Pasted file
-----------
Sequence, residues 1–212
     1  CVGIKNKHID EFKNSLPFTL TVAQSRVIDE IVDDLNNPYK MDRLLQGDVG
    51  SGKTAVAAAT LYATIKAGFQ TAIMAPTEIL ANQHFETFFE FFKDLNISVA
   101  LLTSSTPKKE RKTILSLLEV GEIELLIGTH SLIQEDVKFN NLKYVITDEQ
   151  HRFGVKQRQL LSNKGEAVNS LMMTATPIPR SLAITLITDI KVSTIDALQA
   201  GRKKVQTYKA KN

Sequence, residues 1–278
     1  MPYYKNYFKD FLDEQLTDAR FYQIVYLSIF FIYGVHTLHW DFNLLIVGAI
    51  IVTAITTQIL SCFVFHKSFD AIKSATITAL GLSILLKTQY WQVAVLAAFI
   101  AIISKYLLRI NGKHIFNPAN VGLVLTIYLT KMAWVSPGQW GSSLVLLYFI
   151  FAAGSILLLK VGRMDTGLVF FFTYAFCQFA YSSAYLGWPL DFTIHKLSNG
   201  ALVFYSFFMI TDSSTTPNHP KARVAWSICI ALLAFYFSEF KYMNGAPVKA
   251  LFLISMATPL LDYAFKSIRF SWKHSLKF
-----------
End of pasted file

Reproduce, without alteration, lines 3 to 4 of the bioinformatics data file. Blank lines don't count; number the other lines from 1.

    51  SGKTAVAAAT LYATIKAGFQ TAIMAPTEIL ANQHFETFFE FFKDLNISVA
   101  LLTSSTPKKE RKTILSLLEV GEIELLIGTH SLIQEDVKFN NLKYVITDEQ